A1 Introduction to determinands
This appendix gives a basic introduction to determinands and their possible derivation. For more detail, please refer to the ESR report A Guide to the Ministry of Health Drinking-water Standards for New Zealand, which is available from the Ministry for the Environment’s website.
The NES uses the term ‘determinand’ instead of ‘contaminant’. ‘Determinand’ has a specific meaning which is narrower than that of contaminant (as defined in the RMA). The Drinking-water Standards for New Zealand2005 (DWSNZ) define determinand as:
A constituent or property of the water that is determined, or estimated, in a sample, for example:
microbial determinand: total coliforms
chemical determinand: chloride
physical determinand: turbidity
radiological determinand: radon.
In the NES regulations, ‘determinand’ specifically refers to the health-related determinands specified in the DWSNZ.
Determinand means a determinand described in Table 2.1, 2.2, 2.3, or 2.4 of the Drinking-water Standard.
There are two different kinds of determinands: those of health significance and those that are not of immediate health significance. Determinands that are not of immediate health significance are those that either:
are not damaging to health in themselves and therefore have no specified maximum acceptable value (MAV), but can affect the water’s safety for drinking by leading to the formation of other contaminants referred to as precursors
affect the aesthetic properties of the water (taste, odour, appearance).
These determinands need to be considered when assessing the impact of a new activity in a catchment on the drinking water received by a community. The acceptability of a water supply to a community can be as strongly influenced by these determinands as by those with health significance.
An aesthetic determinand is defined in the DWSNZ as:
A constituent or property of the water that can adversely affect the water’s taste, odour, colour, clarity or general appearance, including substances such as manganese and iron compounds that can stain washing and utensils.
In the NES regulations:
Aesthetic determinand means an aesthetic determinand described in Table A2.1 in Appendix 2 of the Drinking Water Standard.
Health and aesthetic determinands have different characteristics, so they are measured in different ways. Determinands of health significance are measured by their maximum acceptable value (MAV), and aesthetic determinands are measured using guideline values (GVs).
The DWSNZ define these terms as follows.
Maximum acceptable value (MAV) – the concentration of a determinand below which the presence of the determinand does not result in any significant risk to a consumer over a lifetime of consumption. For carcinogenic chemicals, the MAVs set in the Drinking-water Standards for New Zealand generally represent a risk of one additional incidence of cancer per 100,000 people ingesting the water at the concentration of the MAV for 70 years.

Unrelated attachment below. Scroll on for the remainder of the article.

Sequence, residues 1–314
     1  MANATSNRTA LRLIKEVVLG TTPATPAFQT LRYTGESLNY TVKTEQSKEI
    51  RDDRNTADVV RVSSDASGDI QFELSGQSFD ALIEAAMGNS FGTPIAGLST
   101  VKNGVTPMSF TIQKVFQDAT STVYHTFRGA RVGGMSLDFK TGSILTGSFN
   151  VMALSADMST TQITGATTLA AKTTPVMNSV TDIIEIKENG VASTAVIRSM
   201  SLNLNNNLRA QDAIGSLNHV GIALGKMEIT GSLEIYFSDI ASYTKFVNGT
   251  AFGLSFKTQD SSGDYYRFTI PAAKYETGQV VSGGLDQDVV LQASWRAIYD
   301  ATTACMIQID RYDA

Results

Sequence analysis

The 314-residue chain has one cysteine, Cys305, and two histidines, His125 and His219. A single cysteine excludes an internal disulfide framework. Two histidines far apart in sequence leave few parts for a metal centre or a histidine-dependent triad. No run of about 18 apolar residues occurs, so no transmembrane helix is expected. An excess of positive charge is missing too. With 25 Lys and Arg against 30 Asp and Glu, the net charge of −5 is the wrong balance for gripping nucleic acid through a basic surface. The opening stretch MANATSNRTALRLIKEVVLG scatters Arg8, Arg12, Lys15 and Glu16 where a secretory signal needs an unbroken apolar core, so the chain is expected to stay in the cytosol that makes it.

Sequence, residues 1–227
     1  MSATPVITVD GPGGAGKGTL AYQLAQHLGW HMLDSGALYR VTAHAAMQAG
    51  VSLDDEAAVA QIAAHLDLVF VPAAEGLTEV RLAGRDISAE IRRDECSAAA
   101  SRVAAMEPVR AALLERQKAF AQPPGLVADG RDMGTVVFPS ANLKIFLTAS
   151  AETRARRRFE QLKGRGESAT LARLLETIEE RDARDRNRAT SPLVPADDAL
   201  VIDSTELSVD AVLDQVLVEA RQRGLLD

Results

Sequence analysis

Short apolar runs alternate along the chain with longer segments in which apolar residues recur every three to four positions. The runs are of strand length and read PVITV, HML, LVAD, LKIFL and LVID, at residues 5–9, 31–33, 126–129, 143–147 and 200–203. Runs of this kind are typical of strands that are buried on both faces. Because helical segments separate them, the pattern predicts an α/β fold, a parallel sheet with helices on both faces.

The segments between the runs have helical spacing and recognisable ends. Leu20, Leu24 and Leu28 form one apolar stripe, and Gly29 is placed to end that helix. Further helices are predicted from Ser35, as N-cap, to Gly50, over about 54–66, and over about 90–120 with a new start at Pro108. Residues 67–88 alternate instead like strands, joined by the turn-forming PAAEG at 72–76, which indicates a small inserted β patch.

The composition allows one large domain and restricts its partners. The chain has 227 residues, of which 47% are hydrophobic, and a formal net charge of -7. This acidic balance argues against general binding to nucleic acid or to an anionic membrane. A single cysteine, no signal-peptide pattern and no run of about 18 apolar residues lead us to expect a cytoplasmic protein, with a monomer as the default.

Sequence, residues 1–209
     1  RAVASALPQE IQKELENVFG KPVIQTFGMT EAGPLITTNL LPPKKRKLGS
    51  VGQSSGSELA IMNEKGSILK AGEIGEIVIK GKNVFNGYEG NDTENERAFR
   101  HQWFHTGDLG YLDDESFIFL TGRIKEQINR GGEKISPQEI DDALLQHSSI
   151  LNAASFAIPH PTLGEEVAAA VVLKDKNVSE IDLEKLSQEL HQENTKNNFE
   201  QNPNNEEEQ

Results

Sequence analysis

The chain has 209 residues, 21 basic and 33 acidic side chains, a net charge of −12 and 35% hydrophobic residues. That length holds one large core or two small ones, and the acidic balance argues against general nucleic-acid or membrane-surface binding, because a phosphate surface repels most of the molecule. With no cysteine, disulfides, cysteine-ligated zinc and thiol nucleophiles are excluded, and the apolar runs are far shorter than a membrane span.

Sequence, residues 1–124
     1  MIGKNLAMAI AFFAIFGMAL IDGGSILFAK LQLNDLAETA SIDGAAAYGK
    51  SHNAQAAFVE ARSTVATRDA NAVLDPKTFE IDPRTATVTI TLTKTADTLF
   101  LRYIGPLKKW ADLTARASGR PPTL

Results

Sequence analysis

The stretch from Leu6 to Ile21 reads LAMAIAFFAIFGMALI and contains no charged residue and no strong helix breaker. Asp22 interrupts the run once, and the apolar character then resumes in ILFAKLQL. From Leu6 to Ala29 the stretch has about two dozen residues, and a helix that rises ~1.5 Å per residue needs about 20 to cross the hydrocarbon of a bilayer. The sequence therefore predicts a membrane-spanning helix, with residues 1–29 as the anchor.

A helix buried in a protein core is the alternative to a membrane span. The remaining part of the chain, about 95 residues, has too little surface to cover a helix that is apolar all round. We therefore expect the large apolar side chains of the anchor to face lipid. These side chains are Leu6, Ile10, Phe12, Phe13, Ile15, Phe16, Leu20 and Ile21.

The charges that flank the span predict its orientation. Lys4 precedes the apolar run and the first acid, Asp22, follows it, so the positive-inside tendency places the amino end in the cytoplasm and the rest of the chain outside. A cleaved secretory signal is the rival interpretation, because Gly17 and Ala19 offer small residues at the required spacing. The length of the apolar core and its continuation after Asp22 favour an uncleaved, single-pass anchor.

Guideline value (GV) – the value for an aesthetic determinand that, if exceeded, may render the water unattractive to consumers.
There is no definition of precursors in either the NES or the DWSNZ. However, precursors can be placed in three general categories:
nutrients, which encourage the development of algal blooms
organic matter, which leads to the formation of disinfection by-products
turbidity, which can affect the ability of treatment plants to remove protozoa from the water.
Precursors have no health significance in themselves, but they can affect the potability of water because they can result in treated water containing contaminants that are a health concern.
A2 Water contaminants of health significance
For public health purposes, drinking water contaminants fall into three broad classes:
This outline focuses on microbiological and chemical contaminants because they are the most frequently encountered.
A2.1 Microbiological contaminants
In general, microbiological contaminants are considered to be a greater threat to health than chemical contaminants. This is because they are:
fast acting, usually causing sickness in a few days or weeks
capable of multiplying within a host
transmittable from person to person
capable of causing fatal illness.
In New Zealand, exposure to microbiological contaminants is a concern because of the relatively high density of domesticated animals. Conversely, New Zealand’s low level of heavy industry reduces the likelihood of industrial chemical contaminants in source waters.
The DWSNZ recognise three classes of micro-organisms that may cause disease: bacteria, viruses and protozoa.
The bacterial indicator organism Escherichia coli (E. coli) is used in the DWSNZ to assess the potential for faecal contamination of water. The bacterial quality of treated water is satisfactory if the E. coli concentration is less than 1 organism per 100 millilitres.
Apart from a few strains, E. coli is not a disease-causing organism (pathogen) itself. It is found in very high numbers in the gut of all warm-blooded animals. Fresh faeces almost always contain E. coli, although it may not survive in the environment as long as some pathogens. The presence of E. coli confirms that water has been in contact with faeces, meaning that pathogens may also be present. The types of pathogen in water and their concentration will depend on the nature of the organisms that are infecting the source of the faeces (animal or human) and the number of animals or humans that are infected.